# Implement the Greedy Solution

Implement the greedy algorithm to solve the problem statement and wrap up the project.

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## Introduction

By now, we've put all the functionalities for our frog game in place. We just need to implement the greedy solution to generate the result. We will generate the result in the form of an array, whose every element is another array of exactly 2 values: the first one denotes the maximum number of jumps to take from each island, and the second value denotes the minimum number of steps taken to reach the current island.

First, let's go over how our solution will work with an example array.

## Greedy solution approach

Let's assume that we are given an array [2, 3, 1, 3, 1, 2, 2, 3, 1], which denotes the maximum number of jumps that can be taken from each index (island). We'll follow the steps mentioned below to solve the problem and get the required array:

1. To generate the final result, we need to first find an intermediate result (say res). To do this, generate an array whose every index contains two elements. At each index of the array, the first element denotes the number of steps taken to reach the current index (island) and the second element denotes the number of jumps taken to reach the current index (island).

2. For each array index, except the $0^{th}$ index, set the number of steps to 1000 and the number of jumps to -1.

3. For the $0^{th}$ index (island), initialize the first element to 0 (because we are already at the first index) and the second element to -1 (because no jump can be taken).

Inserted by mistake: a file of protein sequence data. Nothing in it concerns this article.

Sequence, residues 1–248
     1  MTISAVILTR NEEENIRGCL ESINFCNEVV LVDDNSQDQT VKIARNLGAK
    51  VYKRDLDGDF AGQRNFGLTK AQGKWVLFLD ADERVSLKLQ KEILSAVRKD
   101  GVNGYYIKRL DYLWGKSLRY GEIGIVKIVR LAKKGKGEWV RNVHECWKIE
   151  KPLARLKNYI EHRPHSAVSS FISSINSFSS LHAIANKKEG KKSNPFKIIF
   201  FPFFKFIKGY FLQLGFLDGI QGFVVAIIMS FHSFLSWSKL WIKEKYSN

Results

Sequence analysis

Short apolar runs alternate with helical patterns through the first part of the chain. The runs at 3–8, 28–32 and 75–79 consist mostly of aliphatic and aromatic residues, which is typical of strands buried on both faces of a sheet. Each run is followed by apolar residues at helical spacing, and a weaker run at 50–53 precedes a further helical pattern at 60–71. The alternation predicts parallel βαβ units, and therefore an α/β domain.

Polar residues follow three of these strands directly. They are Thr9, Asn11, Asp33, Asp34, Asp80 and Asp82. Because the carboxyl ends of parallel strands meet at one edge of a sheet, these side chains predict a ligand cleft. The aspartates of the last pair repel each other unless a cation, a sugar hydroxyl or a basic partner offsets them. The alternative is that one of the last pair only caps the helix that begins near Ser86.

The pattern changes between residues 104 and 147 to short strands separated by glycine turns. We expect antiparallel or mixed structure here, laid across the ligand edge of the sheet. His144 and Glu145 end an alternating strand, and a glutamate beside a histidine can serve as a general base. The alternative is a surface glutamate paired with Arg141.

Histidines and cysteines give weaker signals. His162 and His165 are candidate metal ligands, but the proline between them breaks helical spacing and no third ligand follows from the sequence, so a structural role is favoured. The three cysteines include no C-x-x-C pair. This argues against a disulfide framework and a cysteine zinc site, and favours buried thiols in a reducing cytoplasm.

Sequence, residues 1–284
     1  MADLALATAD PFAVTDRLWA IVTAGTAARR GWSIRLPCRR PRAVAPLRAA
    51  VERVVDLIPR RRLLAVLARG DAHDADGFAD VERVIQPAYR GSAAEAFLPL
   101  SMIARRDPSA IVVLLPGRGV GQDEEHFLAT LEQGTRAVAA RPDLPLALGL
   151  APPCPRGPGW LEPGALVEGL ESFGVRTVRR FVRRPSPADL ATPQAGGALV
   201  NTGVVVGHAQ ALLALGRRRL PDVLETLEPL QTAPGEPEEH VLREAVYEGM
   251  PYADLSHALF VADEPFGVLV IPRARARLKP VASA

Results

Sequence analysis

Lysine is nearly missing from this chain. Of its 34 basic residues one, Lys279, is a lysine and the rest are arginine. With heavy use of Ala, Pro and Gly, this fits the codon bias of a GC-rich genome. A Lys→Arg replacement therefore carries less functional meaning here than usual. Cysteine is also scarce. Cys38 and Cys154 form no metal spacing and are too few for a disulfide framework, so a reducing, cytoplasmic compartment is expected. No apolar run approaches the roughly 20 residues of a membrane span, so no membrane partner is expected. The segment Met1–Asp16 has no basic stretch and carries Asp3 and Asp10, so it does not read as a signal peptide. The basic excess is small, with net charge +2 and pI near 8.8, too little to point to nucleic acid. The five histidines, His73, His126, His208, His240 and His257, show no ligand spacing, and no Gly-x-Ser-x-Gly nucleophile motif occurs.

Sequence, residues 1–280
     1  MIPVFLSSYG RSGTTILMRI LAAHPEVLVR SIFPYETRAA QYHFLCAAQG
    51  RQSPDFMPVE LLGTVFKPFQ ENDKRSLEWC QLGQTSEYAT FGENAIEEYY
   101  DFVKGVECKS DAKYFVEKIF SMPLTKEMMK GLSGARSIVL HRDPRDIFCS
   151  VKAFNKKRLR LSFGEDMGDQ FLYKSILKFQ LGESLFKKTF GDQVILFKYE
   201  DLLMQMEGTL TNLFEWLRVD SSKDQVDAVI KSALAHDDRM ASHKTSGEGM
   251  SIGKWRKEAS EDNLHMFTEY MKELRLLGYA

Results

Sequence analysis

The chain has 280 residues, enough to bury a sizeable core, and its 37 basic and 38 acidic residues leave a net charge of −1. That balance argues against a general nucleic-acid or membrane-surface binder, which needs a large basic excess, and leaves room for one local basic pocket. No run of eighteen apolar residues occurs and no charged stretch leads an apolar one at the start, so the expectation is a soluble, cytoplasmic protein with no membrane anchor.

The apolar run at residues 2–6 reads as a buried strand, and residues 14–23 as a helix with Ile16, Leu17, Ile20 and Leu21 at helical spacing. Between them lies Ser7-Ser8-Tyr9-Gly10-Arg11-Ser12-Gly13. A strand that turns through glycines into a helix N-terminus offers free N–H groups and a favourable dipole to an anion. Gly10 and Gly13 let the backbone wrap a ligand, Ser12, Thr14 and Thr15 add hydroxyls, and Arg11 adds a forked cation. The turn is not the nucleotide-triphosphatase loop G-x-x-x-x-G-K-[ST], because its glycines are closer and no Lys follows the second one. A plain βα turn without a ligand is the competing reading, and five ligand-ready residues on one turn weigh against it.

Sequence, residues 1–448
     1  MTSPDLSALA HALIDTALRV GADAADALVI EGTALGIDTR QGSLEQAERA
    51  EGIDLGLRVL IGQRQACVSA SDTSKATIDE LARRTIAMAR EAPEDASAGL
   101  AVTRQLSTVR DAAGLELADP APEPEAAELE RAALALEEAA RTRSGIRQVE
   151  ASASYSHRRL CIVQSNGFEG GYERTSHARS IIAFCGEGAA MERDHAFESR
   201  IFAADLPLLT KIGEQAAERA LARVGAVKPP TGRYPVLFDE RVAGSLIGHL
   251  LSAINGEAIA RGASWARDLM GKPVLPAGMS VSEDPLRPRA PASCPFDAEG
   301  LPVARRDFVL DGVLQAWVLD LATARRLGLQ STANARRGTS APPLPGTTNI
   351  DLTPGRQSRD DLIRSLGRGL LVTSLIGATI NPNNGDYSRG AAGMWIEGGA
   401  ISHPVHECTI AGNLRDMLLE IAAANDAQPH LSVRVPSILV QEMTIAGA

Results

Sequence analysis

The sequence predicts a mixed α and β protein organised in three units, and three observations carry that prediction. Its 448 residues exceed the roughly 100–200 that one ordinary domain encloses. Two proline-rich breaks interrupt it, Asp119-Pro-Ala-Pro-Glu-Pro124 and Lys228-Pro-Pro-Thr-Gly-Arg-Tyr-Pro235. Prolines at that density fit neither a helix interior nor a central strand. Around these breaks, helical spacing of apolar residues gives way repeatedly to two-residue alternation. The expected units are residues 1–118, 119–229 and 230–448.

4. In our example, we can take a maximum jump of 2 islands from the first index (island). So res for the $1^{st}$ index will now be [1, 1], because we've taken one step to reach this island and a jump of 1 was required from the previous island. Similarly, for the $2^{nd}$ index, the res will be [1, 2] because we took one step to reach this island and a jump of 2 was required from the previous island. Update these two values for each index only if a minimum value (step) is found. Perform similar steps for every island.

5. Finally, our res will look similar to [ 0, -1 ], [ 1, 1 ], [ 1, 2 ], [ 2, 2 ], [ 2, 3 ], [ 3, 2 ], [ 3, 3 ], [ 4, 2 ], [ 4, 2 ].

6. Notice that when we pick the second element from each index in the res array, we can actually traverse the path from the last index (island) to the first index (island) in such a way that the minimum number of steps are taken.

7. Reverse the above-generated path to get the step to take from the first index (island) to reach the last index (island).

Here's the code:

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